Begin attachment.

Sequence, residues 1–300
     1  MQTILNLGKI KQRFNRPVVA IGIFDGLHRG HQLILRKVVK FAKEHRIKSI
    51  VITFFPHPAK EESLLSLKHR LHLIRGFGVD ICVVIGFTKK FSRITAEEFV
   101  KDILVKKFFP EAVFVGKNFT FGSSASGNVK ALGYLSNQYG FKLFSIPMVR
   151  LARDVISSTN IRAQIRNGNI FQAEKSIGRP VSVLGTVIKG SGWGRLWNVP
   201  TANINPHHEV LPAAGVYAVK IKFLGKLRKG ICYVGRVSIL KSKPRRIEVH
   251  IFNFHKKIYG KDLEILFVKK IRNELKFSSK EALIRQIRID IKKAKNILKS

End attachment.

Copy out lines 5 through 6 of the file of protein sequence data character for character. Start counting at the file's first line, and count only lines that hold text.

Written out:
   151  LARDVISSTN IRAQIRNGNI FQAEKSIGRP VSVLGTVIKG SGWGRLWNVP
   201  TANINPHHEV LPAAGVYAVK IKFLGKLRKG ICYVGRVSIL KSKPRRIEVH